Dr. Paul Perkins

Following In The Way of Jesus

Almost But Not Quite

Thee times when I was a boy I heard the phrase,  “almost, Son, but not quite.” The first time was when I decided to play baseball. Fourth grade shouldn’t have been a difficult time for a budding sportsman. But every time the ball was pitched to me, all I could think of was it hitting me in the head. I shrunk away as the bat wildly swung at the ball. I wasn’t any better at catching, there seemed to be a hole in my glove. So, I was given the position of right fielder. No one ever hit to right field, “Am I good enough to play first base, dad?” It was a coveted position. “Almost, Son, but not quite. Right field is the best place for you.” 

If baseball wasn’t my sport, maybe basketball. A basketball wouldn’t hurt as much as a baseball. Did you know if you done catch the ball when it comes at your face it can really hurt. I probably ran around the court more than any other child, only to find myself under the basket waiting for a pass that never came. During actual games I never played unless we were way ahead or way behind, and then only the last 2 minutes. The minimum amount a time a child had to play. “Dad, aren’t I good enough to play more?” “Almost, Son, but not quite. Keep working on your shot.” 

The third time was in the third grade, when we lived in Altas Oklahoma. Uncle Bob (not a real uncle, but a close friend of my dads) came over a lot, and he would always play, “let’s make a deal.” “Do you want what’s in my right pocket or in my left?” “Your left.” It was a small toy, but in his right pocket was a wad of dollar bills. “Oh,” my father laughed. “Almost, but not quite.” Everyone else laughed too, everyone but me.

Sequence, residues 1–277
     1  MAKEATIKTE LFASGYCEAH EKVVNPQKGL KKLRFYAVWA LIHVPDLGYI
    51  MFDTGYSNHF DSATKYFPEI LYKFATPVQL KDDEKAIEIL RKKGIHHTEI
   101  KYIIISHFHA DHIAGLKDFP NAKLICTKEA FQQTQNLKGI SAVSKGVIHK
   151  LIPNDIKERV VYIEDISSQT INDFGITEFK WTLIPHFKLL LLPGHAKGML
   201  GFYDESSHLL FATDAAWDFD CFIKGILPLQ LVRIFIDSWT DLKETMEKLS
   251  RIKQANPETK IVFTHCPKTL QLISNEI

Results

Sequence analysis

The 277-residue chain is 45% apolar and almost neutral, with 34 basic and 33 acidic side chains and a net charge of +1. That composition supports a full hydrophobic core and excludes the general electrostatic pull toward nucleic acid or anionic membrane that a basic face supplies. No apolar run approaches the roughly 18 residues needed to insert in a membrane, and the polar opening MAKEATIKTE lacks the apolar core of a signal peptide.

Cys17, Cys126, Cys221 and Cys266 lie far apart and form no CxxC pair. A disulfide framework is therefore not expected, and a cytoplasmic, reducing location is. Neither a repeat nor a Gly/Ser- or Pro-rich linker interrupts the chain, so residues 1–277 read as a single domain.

Third, fourth and fifth grade were really hard years for me, and one lesson I learned was, “no matter how hard you try you will never be good enough. It’s easier to be a failure than to achieve your goals, because not everyone is a winner, especially me.” I think that is why I wasn’t surprised when I read the verse,  “for all have sinned and all have fallen short of the glory of God” (Roman 3:23). What surprised me was that no one measured up. It gave me an unsettling joy that I wasn’t alone as a failure.

What has dawned on me is that God doesn’t see me as a failure. He sees me as worse, a sinner and an enemy. But he did everything that he could to provide a way of escape. A way far from that of a failure.  

  • But thanks be to God, who gives us the victory through our Lord Jesus Christ. (1 Corinthians 15:57)
  • Therefore, if anyone is in Christ, he is a new creation. The old has passed away; behold, the new has come (2 Corinthians 5:17).

I may have been, or see to be, a failure, but in Christ I have become more. It isn’t my own effort, but based on the act of God, in Christ. I am thankful that my Heavenly Fathler didn’t stop at “Almost, Son, but not quite.” He made a way through Christ. That’s something to rejoice about. I’m just say...

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